Evaluating,

max_val = max(a)

will cause the error,

ValueError: max() arg is an empty sequence

Is there a better way of safeguarding against this error other than a try, except catch?

a = []
try:
    max_val = max(a)
except ValueError:
    max_val = default 
  • 5
  • @vaultah Why you no post answer as answer?! – Martin Tournoij Mar 22 '16 at 15:07
  • 1
    @Carpetsmoker: because it's too simple. – vaultah Mar 22 '16 at 15:07
  • 1
    @vaultah ... What's wrong with posting answers that are "too simple"? Now someone else has to... – Martin Tournoij Mar 22 '16 at 15:08
  • Anyway if you are going to handle the error you should use except ValueError:, not except:. In your example, you will catch TypeError: 'builtin_function_or_method' object is not subscriptable, so no matter what value a has, max_val will end up False. – Steve Jessop Mar 22 '16 at 15:12
up vote 26 down vote accepted

In Python 3.4+, you can use default keyword argument:

>>> max([], default=99)
99

In lower version, you can use or:

>>> max([] or [99])
99

NOTE: The second approach does not work for all iterables. especially for iterator that yield nothing but considered truth value.

>>> max(iter([]) or 0)
Traceback (most recent call last):
  File "<stdin>", line 1, in <module>
ValueError: max() arg is an empty sequence
  • Another option for pre-3.4 would be to create a my_max function that mimics the newer behavior. – Steven Rumbalski Mar 22 '16 at 15:15
  • max(iter([]) or 0) is precisely what gave me the grief in the first place... Do you have any further suggestions on what do do with it? Secondly it never occurred to me to check the docs... I assumed such a simple function was a one-in-one-out process – Alexander McFarlane Mar 22 '16 at 15:24
  • @AlexanderMcFarlane, Duncan suggested a nice alternative. Check it out. – falsetru Mar 22 '16 at 15:28
  • @AlexanderMcFarlane, I'm not a native speaker. I don't understand what one-in-one-out process. Does it mean a common task? – falsetru Mar 22 '16 at 15:31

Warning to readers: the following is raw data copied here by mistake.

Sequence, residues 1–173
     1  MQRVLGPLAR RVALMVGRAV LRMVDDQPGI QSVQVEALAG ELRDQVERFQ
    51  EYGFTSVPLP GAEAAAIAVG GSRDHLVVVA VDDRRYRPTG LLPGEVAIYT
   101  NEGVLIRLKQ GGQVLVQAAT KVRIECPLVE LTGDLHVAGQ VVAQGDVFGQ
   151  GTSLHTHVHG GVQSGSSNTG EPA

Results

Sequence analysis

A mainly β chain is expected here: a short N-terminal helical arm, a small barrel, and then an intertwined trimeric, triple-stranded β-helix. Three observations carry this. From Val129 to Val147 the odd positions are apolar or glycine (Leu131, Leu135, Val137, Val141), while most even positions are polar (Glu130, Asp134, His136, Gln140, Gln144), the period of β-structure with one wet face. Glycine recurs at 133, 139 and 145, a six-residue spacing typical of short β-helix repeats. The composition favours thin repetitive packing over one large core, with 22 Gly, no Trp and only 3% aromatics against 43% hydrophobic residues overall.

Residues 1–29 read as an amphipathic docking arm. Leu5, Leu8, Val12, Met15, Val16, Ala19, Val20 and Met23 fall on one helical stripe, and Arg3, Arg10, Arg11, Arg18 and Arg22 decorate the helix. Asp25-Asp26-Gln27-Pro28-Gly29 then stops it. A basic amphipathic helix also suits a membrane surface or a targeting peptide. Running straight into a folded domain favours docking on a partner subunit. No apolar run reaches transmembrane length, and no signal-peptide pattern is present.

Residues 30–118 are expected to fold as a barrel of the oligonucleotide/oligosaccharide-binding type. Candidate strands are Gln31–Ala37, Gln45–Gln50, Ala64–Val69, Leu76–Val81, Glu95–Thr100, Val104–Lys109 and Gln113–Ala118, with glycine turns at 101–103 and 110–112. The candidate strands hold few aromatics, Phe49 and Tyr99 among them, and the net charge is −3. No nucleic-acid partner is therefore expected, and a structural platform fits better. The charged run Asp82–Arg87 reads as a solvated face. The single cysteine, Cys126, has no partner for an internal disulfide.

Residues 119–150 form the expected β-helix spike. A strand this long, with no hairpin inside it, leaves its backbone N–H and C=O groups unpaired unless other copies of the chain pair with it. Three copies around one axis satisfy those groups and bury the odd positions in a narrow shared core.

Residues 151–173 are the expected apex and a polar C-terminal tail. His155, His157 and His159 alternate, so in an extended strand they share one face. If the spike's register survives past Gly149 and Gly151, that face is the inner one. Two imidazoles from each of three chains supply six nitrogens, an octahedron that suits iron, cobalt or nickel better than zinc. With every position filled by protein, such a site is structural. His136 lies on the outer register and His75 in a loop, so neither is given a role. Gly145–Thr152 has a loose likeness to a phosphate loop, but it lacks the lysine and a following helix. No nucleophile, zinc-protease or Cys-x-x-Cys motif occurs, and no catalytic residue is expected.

• @falsetru by one-in-one-out I mean one argument in and one return value :) – Alexander McFarlane Mar 22 '16 at 16:18

In versions of Python older than 3.4 you can use itertools.chain() to add another value to the possibly empty sequence. This will handle any empty iterable but note that it is not precisely the same as supplying the default argument as the extra value is always included:

>>> from itertools import chain
>>> max(chain([42], []))
42

But in Python 3.4, the default is ignored if the sequence isn't empty:

>>> max([3], default=42)
3
  • is there any reason to use chain over simple list concatenation e.g. max( [42], [] ) where the default is 42? – MajorInc Sep 9 at 17:30
  • @MajorInc calling max with multiple arguments has a different meaning than calling it with a single argument. With a single iterable argument max will return the largest element it contains, but with multiple arguments it compares them directly (i.e. it won't iterate). e.g. max([42], []) is a list [42] but max(chain([42], [])) and max([], default=42) both give 42. – Duncan Sep 10 at 8:13

The max of an empty sequence "should" be an infinitely small thing of whatever type the elements of the sequence have. Unfortunately, (1) with an empty sequence you can't tell what type the elements were meant to have and (2) there is, e.g., no such thing as the most-negative integer in Python.

So you need to help max out if you want it to do something sensible in this case. In recent versions of Python there is a default argument to max (which seems to me a misleading name, but never mind) which will be used if you pass in an empty sequence. In older versions you will just have to make sure the sequence you pass in isn't empty -- e.g., by oring it with a singleton sequence containing the value you'd like to use in that case.

[EDITED long after posting because Yaakov Belch kindly pointed out in comments that I'd written "infinitely large" where I should have written "infinitely small".]

  • It's counter-intuitive: the max of an empty list should be infinitely small (so that max(x,list...)=max(x,max(list...))) and the min of an empty list should be infinitely large. – Yaakov Belch Dec 4 '16 at 19:00
  • Whoops, yes, I wrote that the wrong way around; my apologies. I will fix my answer and credit you for spotting the mistake. [... Done. Thanks again.] – Gareth McCaughan Dec 4 '16 at 23:46

Considering all the comments above it can be a wrapper like this:

def max_safe(*args, **kwargs):
    """
    Returns max element of an iterable.

    Adds a `default` keyword for any version of python that do not support it
    """
    if sys.version_info < (3, 4):  # `default` supported since 3.4
        if len(args) == 1:
            arg = args[0]
            if 'default' in kwargs:
                default = kwargs.pop('default')
                if not arg:
                    return default

                # https://stackoverflow.com/questions/36157995#comment59954203_36158079
                arg = list(arg)
                if not arg:
                    return default

                # if the `arg` was an iterator, it's exhausted already
                # so use a new list instead
                return max(arg, **kwargs)

    return max(*args, **kwargs)

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